The requests were coming in fast and furious from reporters wanting to interview Mayor Joe Hogsett about Indianapolis’ bid for Amazon's secondary headquarters, known as HQ2.
Fox Business News in New York wanted Hogsett to go on the air with anchor Maria Bartiromo.
CNBC wanted Hogsett to participate in its national “Closing Bell” program.
A CBS reporter in Chicago wanted to come to Indianapolis and sit down with Hogsett. “My bosses now say they want this story sooner rather than later, so I would love to talk today if possible,” the reporter, Charlie Brooks, wrote in a Sept. 12 email to Hogsett’s spokeswoman, Taylor Schaffer.
But Schaffer was not interested. She sent the reporters press releases but turned down interview requests.
“At the moment, we don’t have much else to share,” she replied to Brooks.
For months, city officials hunkered down and kept mum on nearly all aspects of the bid process, even as reporters clamored for interviews with Hogsett about why Indianapolis would make a good home for Amazon’s second headquarters.
A review of dozens of emails, obtained by IBJ through a formal public-records request, shows that city officials deliberately sought to keep a low profile, not wanting to upset the city’s chances of winning the competition.
When Indianapolis made the cut of 20 finalists in January, a reporter for WISH-TV, Tim McNicholas, asked for a city official to go on camera and “talk about all the excitement around the project and whether that will help our chances.”
Schaffer forwarded the request to several other city officials, with the caution: “I’m not sure that all things considered, this is worth our time or in our best interest.”
Angela Smith Jones, the city’s deputy mayor of economic development, replied: “Yeah, we can lay low.”
Amazon has insisted finalists keep the details of their bids confidential, according to reporting from CNBC.
While laying low most of time, city officials referred reporters to an arm of the Indy Chamber called Indy Partnership, which was coordinating the bid. Indy Partnership is a private entity and thus has no obligation to supply records to the public.
When MuckRock, an online not-for-profit organization that assists reporters and the public in filing governmental requests, asked the city in January for a copy of its bid, along with incentives or fees associated with the project, Schaffer directed that outlet to the Indy Chamber.
“Please note that the assembling of the RFQ was led by the Indy Chamber’s regional partnership,” she wrote. “Any related project expenses were paid for by the Indy Chamber.”
Other news organizations—including BuzzFeed and Atlantic Media—also asked for documents and received similar responses.
But when some local experts asked City Hall privately for guidance in discussing the Amazon bid with the media, Schaffer was happy to respond.
On Sept. 14, Lara Beck, former deputy communications director for former Mayor Bart Peterson and now owner of an Indianapolis communications agency, told Schaffer in an email she was going to appear on a local TV program, "Inside Indiana Business,” to talk about the effort to attract Amazon.
“Do you have any bullets, or key thoughts, you’d like me to attempt to convey? (Note I say ‘attempt,’ because I’m generally a bit blotto by 2:45 p.m.”)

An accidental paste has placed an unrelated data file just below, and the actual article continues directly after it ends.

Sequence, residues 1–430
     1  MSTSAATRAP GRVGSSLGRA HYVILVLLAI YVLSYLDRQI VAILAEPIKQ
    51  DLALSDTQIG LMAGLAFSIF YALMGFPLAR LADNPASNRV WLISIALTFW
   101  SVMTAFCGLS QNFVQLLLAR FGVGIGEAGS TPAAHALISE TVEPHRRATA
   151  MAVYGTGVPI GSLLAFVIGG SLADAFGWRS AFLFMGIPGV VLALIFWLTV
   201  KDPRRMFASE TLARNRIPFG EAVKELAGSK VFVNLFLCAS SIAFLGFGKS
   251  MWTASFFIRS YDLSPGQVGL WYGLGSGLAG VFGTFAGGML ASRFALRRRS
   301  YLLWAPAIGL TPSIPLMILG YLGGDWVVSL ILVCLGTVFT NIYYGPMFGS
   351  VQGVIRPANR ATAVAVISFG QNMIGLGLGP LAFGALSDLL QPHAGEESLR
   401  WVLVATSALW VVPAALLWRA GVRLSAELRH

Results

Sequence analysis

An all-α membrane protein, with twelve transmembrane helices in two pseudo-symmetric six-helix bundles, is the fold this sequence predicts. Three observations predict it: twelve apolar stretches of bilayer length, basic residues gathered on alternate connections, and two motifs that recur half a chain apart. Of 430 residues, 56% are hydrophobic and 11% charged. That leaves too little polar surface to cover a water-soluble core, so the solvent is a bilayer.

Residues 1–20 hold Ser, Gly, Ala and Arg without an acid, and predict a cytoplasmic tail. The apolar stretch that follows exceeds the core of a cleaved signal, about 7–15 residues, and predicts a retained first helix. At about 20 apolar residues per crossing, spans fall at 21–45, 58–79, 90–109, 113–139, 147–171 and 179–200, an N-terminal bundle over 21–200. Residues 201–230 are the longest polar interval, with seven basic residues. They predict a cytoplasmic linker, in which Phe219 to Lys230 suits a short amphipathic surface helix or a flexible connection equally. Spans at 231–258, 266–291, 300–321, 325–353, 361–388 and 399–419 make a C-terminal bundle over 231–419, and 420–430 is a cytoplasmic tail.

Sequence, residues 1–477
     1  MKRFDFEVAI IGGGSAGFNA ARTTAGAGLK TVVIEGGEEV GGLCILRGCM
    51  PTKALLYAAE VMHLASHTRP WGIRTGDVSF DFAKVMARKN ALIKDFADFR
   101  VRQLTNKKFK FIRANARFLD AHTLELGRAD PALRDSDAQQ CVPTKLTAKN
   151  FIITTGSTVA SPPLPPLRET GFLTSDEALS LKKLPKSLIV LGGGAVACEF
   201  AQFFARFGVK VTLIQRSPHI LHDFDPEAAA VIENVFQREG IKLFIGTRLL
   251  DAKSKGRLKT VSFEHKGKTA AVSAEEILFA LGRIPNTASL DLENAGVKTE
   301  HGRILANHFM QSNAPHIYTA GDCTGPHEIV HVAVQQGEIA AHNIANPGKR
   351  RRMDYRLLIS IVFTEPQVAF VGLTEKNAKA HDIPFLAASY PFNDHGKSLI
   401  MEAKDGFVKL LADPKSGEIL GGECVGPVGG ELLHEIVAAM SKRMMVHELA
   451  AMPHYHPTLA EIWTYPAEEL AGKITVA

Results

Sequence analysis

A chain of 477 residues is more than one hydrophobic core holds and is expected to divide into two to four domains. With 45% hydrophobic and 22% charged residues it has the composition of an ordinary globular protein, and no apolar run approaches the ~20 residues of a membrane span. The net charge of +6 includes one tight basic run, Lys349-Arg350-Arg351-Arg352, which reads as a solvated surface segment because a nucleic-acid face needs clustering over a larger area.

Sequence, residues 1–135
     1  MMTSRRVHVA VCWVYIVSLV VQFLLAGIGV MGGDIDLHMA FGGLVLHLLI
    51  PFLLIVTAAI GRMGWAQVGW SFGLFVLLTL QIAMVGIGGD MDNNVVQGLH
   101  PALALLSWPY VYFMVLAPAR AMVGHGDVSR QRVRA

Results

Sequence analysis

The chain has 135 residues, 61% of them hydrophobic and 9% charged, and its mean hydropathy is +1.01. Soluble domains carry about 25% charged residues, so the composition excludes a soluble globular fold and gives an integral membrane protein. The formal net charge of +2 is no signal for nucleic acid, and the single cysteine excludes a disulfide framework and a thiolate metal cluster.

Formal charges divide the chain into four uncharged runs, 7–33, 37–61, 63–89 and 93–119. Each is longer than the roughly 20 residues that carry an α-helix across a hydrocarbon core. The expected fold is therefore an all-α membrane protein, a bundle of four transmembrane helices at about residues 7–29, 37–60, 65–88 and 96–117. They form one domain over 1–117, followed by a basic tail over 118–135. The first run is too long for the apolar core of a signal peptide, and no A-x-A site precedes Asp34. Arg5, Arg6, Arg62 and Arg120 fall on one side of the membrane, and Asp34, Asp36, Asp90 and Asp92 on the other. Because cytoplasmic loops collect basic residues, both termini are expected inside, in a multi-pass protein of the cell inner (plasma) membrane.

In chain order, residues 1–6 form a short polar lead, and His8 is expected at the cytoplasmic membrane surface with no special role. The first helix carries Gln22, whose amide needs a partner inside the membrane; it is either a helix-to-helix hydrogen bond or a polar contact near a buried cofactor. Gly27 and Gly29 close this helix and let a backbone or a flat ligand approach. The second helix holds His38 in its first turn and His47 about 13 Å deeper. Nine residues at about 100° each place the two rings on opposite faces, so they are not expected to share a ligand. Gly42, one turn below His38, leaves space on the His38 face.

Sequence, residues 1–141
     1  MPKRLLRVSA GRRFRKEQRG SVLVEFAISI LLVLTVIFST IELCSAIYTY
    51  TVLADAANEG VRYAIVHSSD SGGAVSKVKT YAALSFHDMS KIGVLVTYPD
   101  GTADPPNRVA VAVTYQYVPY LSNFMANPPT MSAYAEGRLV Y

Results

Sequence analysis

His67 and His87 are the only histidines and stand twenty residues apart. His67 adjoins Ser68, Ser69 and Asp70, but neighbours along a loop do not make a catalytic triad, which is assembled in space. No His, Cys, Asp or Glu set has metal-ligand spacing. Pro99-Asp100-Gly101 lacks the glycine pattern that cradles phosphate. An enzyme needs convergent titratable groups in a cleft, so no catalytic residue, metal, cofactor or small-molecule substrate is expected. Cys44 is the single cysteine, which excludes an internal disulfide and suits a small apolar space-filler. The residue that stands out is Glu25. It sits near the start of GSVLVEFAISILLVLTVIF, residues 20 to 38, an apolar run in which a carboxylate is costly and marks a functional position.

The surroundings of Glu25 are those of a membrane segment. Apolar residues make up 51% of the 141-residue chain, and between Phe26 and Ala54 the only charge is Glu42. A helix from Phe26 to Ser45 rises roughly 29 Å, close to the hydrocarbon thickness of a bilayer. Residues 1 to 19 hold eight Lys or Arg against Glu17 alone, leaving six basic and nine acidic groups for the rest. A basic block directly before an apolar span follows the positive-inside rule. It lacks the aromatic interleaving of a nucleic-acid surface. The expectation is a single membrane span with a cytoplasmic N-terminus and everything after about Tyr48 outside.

Schaffer sent her a fact sheet with 12 talking points, including track records of local businesses for attracting tens of millions of dollars in venture capital, as well as information on acquisitions and public offerings.
“There will also be a number of incentive programs the city has at their disposal, including tax credits and exemptions, relocation and workforce grants, and other permitting and fee reductions,” according to the fact sheet.
Schaffer also sent several paragraphs of guidance to Mike Langellier, CEO of TechPoint, an advocacy group for the city’s technology sector, as he was about to go on television to talk about Amazon. She urged him to emphasize the region’s recent successes in talent recruitment. Her goal was to debunk the idea that Indianapolis couldn’t attract and retain young techies.
“We believe we can continue to take strides to tear down these out-of-date narratives and reveal the metro area as a vibrant cultural landscape where you can live, work and play,” Schaffer wrote on Sept. 14.
On Oct. 10, Schaffer confirmed that Hogsett would meet with the news and editorial-page staff of The Indianapolis Star the following day for an hour but didn’t promise that Hogsett would talk about the Amazon bid.
“I’m sure Mayor Hogsett will want to talk about the budget, public safety and neighborhood development,” she wrote to the paper’s opinion editor, Tim Swarens, who had requested a meeting.
But Swarens was not making any promises in return. “There probably will be a question or two about the Amazon bid,” he responded.
Hogsett did agree to discussing HQ2 on some occasions. On Jan. 18, for example, after Indianapolis was named one of 20 finalists for the project, Schaffer told the Associated Press she would grant a 15-minute one-on-one with Hogsett at City Hall. Hogsett also discussed the development with IBJ reporter Hayleigh Colombo on Jan. 18.
Hogsett also has broached the topic in a limited way in public and on social media. But, in general, city officials kept their heads down when asked about the topic.
On Feb. 1, Schaffer told CNBC that Hogsett wouldn’t participate in its "Closing Bell" program.
“I don’t think we are going to be able to make this work,” she wrote. “I’m sorry!”